US4163139 *Sep 18, 1972Jul 31, 1979White Consolidated Industries, Inc.Cooking vessel capacitive decoupling for induction cooking apparatus
US4252841 *Mar 16, 1979Feb 24, 1981Hitachi, Ltd.Indium and tin oxides, roasting
US4298279 *May 20, 1980Nov 3, 1981Canon Kabushiki KaishaCopying apparatus having an original feeding mechanism
US4474457 *Sep 21, 1982Oct 2, 1984Xerox CorporationPlaten having anti-static properties for use with a document transport system
JPS5562466A * Title not available
JPS5565637A * Title not available
Non-Patent Citations
Reference
1"Prevention of Static Discharge in Display Tubes", H. L. Rowe, IBM Technical Disclosure Bulletin, vol. 20, No. 12, May 1978.
2 *Prevention of Static Discharge in Display Tubes , H. L. Rowe, IBM Technical Disclosure Bulletin, vol. 20, No. 12, May 1978.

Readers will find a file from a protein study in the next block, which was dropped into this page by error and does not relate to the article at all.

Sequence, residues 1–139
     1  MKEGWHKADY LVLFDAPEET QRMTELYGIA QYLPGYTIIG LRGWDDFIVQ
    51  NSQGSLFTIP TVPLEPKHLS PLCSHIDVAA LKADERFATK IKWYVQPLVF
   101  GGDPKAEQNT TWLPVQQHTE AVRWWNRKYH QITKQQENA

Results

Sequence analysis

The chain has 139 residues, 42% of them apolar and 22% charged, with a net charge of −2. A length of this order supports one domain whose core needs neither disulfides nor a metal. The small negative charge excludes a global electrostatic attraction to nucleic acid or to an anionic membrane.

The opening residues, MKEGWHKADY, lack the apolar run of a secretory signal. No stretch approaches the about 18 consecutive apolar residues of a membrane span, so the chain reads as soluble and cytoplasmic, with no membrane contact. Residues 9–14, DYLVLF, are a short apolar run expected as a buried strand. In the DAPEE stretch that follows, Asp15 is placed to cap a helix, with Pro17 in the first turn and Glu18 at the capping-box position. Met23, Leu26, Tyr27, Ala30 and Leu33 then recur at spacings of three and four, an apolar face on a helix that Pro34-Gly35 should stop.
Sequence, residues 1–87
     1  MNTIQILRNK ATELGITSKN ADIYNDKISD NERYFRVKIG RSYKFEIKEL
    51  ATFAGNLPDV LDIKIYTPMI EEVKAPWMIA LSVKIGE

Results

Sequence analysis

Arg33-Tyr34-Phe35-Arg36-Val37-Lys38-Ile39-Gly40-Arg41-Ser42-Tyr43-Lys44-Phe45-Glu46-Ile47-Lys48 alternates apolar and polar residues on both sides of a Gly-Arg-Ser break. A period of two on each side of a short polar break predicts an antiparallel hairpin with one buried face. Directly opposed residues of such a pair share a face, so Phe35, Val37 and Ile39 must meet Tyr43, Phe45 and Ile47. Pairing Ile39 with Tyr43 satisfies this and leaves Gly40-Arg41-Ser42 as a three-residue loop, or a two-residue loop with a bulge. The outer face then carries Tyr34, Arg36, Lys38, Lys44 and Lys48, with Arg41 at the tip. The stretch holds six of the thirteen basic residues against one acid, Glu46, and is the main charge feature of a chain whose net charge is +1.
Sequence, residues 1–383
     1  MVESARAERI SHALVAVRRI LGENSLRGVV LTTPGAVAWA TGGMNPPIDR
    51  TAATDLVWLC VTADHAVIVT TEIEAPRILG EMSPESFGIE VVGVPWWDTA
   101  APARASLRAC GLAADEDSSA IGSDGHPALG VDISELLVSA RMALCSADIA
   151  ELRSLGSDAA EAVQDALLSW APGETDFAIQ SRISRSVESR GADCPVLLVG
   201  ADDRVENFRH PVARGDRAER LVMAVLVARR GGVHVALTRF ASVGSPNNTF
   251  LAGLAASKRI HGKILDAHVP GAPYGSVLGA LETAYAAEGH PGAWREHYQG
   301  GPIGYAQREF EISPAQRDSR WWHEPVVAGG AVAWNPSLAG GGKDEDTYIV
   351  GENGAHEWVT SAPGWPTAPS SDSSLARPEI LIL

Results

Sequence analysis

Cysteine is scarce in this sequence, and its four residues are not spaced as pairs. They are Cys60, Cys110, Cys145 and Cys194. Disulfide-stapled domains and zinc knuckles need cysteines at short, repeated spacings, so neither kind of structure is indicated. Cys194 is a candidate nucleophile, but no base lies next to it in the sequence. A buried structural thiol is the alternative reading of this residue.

3Xerox Disclosure Journal, "Platen Glass Static Eliminator", Victor Castro-Hahn, vol. 6, No. 6, Nov./Dec. 1981.
4Xerox Disclosure Journal, "Platen Transport Belt Static Eliminator", Victor Castro-Hahn, vol. 5, No. 4, Jul./Aug. 1980.
5 *Xerox Disclosure Journal, Platen Glass Static Eliminator , Victor Castro Hahn, vol. 6, No. 6, Nov./Dec. 1981.
6 *Xerox Disclosure Journal, Platen Transport Belt Static Eliminator , Victor Castro Hahn, vol. 5, No. 4, Jul./Aug. 1980.
Referenced by
Citing PatentFiling datePublication dateApplicantTitle
US5854648 *Feb 18, 1997Dec 29, 1998Canon Kabushiki KaishaInk jet recording method and apparatus
US6178274 *Oct 6, 1997Jan 23, 2001Ricoh Company, Ltd.Image reading apparatus and method for preventing electric noise